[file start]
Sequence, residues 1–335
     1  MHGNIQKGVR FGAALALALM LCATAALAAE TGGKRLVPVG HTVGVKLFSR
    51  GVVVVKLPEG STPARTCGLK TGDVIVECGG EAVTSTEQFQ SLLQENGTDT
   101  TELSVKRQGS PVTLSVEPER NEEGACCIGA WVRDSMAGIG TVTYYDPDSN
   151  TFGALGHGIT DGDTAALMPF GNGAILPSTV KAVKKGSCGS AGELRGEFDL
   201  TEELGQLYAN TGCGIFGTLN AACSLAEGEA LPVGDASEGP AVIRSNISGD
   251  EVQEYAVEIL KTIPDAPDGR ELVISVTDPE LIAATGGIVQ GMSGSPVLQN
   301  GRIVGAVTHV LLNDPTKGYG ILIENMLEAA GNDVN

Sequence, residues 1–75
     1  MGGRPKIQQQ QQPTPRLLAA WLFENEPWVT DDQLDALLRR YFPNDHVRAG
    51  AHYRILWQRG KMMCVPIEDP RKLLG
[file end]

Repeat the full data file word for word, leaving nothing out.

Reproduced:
Sequence, residues 1–335
     1  MHGNIQKGVR FGAALALALM LCATAALAAE TGGKRLVPVG HTVGVKLFSR
    51  GVVVVKLPEG STPARTCGLK TGDVIVECGG EAVTSTEQFQ SLLQENGTDT
   101  TELSVKRQGS PVTLSVEPER NEEGACCIGA WVRDSMAGIG TVTYYDPDSN
   151  TFGALGHGIT DGDTAALMPF GNGAILPSTV KAVKKGSCGS AGELRGEFDL
   201  TEELGQLYAN TGCGIFGTLN AACSLAEGEA LPVGDASEGP AVIRSNISGD
   251  EVQEYAVEIL KTIPDAPDGR ELVISVTDPE LIAATGGIVQ GMSGSPVLQN
   301  GRIVGAVTHV LLNDPTKGYG ILIENMLEAA GNDVN

Sequence, residues 1–75
     1  MGGRPKIQQQ QQPTPRLLAA WLFENEPWVT DDQLDALLRR YFPNDHVRAG
    51  AHYRILWQRG KMMCVPIEDP RKLLG